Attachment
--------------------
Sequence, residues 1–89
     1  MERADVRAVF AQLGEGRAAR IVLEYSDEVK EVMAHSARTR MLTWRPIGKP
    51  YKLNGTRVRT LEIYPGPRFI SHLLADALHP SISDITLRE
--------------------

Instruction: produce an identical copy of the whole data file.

Sequence, residues 1–89
     1  MERADVRAVF AQLGEGRAAR IVLEYSDEVK EVMAHSARTR MLTWRPIGKP
    51  YKLNGTRVRT LEIYPGPRFI SHLLADALHP SISDITLRE